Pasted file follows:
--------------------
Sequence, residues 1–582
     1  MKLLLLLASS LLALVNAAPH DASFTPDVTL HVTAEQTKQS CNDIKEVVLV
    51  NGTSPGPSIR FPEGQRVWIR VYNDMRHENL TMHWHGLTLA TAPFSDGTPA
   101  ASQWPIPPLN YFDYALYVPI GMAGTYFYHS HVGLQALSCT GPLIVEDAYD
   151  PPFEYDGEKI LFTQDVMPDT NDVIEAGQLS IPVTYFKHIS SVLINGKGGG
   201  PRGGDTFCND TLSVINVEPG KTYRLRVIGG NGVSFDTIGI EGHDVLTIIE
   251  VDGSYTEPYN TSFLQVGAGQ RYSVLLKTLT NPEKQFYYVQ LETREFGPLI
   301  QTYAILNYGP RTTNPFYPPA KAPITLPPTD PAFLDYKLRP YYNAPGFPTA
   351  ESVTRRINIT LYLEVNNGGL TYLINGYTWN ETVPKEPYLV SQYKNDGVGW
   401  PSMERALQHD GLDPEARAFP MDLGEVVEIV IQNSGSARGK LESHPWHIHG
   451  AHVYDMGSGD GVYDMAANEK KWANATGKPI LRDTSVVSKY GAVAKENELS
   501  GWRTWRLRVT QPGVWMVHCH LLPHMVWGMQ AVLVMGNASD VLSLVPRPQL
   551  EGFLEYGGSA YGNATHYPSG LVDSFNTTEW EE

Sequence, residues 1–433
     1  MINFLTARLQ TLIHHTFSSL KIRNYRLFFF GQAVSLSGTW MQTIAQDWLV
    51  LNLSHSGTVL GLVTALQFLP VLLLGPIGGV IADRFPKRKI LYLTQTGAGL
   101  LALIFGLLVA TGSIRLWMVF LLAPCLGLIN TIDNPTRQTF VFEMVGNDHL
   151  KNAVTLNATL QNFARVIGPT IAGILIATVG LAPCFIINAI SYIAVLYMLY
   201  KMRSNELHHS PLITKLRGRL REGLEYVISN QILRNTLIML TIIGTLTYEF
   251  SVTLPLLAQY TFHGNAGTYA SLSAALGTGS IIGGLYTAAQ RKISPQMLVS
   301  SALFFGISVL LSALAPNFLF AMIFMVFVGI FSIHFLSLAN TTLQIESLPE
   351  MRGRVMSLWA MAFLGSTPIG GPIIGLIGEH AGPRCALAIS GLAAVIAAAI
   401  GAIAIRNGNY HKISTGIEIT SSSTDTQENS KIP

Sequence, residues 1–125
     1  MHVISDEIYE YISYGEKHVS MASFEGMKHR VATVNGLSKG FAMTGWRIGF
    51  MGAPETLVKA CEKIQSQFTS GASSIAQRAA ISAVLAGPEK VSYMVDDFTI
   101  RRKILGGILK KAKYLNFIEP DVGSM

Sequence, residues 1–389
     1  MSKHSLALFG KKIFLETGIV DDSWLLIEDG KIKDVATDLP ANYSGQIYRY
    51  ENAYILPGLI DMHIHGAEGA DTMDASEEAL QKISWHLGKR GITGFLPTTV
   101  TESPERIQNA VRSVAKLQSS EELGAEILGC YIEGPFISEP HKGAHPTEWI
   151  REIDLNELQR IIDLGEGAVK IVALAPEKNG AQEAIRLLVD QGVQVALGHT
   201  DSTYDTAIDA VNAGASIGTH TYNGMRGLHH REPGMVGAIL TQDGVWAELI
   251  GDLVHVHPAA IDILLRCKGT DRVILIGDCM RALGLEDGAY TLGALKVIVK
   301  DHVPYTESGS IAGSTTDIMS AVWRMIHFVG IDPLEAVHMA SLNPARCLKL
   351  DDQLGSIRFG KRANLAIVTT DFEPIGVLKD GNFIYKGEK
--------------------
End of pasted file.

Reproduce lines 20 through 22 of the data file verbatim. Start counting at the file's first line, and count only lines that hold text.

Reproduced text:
   251  SVTLPLLAQY TFHGNAGTYA SLSAALGTGS IIGGLYTAAQ RKISPQMLVS
   301  SALFFGISVL LSALAPNFLF AMIFMVFVGI FSIHFLSLAN TTLQIESLPE
   351  MRGRVMSLWA MAFLGSTPIG GPIIGLIGEH AGPRCALAIS GLAAVIAAAI